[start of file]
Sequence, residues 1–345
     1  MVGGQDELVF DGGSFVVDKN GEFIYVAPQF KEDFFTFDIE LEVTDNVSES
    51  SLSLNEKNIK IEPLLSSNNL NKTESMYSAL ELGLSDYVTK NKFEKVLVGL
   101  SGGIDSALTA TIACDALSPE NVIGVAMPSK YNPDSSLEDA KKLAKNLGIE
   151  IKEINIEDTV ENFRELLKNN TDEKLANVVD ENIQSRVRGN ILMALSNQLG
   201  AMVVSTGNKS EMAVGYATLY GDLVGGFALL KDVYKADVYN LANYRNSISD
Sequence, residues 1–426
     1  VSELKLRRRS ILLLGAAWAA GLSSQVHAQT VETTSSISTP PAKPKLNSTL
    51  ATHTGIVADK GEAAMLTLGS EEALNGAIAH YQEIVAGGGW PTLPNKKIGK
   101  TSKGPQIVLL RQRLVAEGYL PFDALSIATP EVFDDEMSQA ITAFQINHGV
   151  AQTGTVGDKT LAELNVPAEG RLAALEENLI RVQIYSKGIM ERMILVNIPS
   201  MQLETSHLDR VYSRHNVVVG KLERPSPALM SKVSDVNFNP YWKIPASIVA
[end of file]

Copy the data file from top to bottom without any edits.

Sequence, residues 1–345
     1  MVGGQDELVF DGGSFVVDKN GEFIYVAPQF KEDFFTFDIE LEVTDNVSES
    51  SLSLNEKNIK IEPLLSSNNL NKTESMYSAL ELGLSDYVTK NKFEKVLVGL
   101  SGGIDSALTA TIACDALSPE NVIGVAMPSK YNPDSSLEDA KKLAKNLGIE
   151  IKEINIEDTV ENFRELLKNN TDEKLANVVD ENIQSRVRGN ILMALSNQLG
   201  AMVVSTGNKS EMAVGYATLY GDLVGGFALL KDVYKADVYN LANYRNSISD
Sequence, residues 1–426
     1  VSELKLRRRS ILLLGAAWAA GLSSQVHAQT VETTSSISTP PAKPKLNSTL
    51  ATHTGIVADK GEAAMLTLGS EEALNGAIAH YQEIVAGGGW PTLPNKKIGK
   101  TSKGPQIVLL RQRLVAEGYL PFDALSIATP EVFDDEMSQA ITAFQINHGV
   151  AQTGTVGDKT LAELNVPAEG RLAALEENLI RVQIYSKGIM ERMILVNIPS
   201  MQLETSHLDR VYSRHNVVVG KLERPSPALM SKVSDVNFNP YWKIPASIVA